I've written a lot about school boards over the last few years. They are I believe, Florida’s most dysfunctional election body. Check out my past Post: Florida’s Most Dysfunctional Elected Body.
People running for School Boards almost universally nationwide are running on a single issue. Often, they're a frustrated teacher wanting to change the system, sometimes a parent with a religious, ethnic, or political axe to grind, and in most cases, they are not particularly knowledgeable about the inner workings of a school board under a Florida charter. You rarely see a school board candidate running on a policy of fiscal conservatism, proper management or organizational structure related to the school board. Let's face it; those issues don't usually get a lot of votes.
For some insight, you can check out these posts:
In most counties in Florida, we run are what are called closed primaries. In other words, Republicans can vote for those running for School Board that are Republicans; Democrats can vote for those running for school board as Democrats, if you're an independent you're just left out of the process.
In some counties in Florida, we have nonpartisan supposedly, school boards, in all reality the candidates fall along the traditional Democratic and Republican political lines and party positions.
As you begin to look at the candidates in your community running for School Board, here are some items you might want to consider as your planning your vote for School Board.
What are the candidates driving political or
Does the candidate have a particular axe to grind such as textbooks, don't say gay, critical race theory or other hot point political issues they're trying to get elected on?
Does the candidate have any background indicating business or management experience?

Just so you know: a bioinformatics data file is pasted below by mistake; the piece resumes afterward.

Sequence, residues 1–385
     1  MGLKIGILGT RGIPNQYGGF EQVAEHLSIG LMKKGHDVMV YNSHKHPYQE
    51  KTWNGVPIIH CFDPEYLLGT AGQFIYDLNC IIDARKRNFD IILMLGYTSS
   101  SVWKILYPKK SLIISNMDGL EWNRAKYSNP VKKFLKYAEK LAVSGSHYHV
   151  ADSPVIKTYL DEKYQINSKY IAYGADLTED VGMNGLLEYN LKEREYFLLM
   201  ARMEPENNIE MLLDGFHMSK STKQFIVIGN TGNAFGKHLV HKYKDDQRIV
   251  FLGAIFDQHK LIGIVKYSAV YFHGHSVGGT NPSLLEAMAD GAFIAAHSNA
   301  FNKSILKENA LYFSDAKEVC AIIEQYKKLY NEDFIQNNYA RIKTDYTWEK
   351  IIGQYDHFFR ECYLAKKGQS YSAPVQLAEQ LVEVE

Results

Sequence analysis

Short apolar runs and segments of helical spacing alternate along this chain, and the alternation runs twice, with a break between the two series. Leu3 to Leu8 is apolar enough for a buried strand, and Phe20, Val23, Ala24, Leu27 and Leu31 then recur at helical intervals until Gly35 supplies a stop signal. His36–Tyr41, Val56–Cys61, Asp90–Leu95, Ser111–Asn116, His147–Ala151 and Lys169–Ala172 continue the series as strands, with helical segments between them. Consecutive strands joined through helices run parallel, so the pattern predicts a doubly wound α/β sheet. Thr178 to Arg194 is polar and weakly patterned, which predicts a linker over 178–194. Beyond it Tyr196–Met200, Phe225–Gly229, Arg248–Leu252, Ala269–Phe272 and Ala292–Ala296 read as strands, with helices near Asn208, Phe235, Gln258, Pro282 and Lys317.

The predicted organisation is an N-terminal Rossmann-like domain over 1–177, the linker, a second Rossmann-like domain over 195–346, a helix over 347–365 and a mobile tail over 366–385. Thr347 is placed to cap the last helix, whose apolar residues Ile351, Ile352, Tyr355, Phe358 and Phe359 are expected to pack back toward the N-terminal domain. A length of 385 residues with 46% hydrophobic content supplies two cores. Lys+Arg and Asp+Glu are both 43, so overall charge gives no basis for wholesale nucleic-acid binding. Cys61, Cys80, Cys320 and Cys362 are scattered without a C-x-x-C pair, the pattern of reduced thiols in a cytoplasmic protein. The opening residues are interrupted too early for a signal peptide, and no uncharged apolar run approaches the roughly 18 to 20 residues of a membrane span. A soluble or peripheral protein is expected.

On a sliding scale, is the candidate espousing liberal or highly conservative positions?
Does the candidate have any professional background or experience other than education?
Does the candidate seem to espouse the position that more property tax revenues should be given to the School Board with no indication of how that money should be expanded?
You're going to see a lot of pressure to approve property tax referendums for education and school boards in the upcoming election cycle.
As educational services and the delivery of education to students has changed over the last decade, school boards have been slow to evolve into new management structures and to accept, implement, and take advantage of the economies of scale offered by new educational techniques.
As we get to the general election, these referendums for increasing property taxes to benefit the public school system are going to be widely hyped by the school systems and the school districts.
Think carefully before you decide to tax yourself more for a school system that continues to deliver subpar results, is losing students to charter schools on a significant basis and becomes more politicized with each election cycle.
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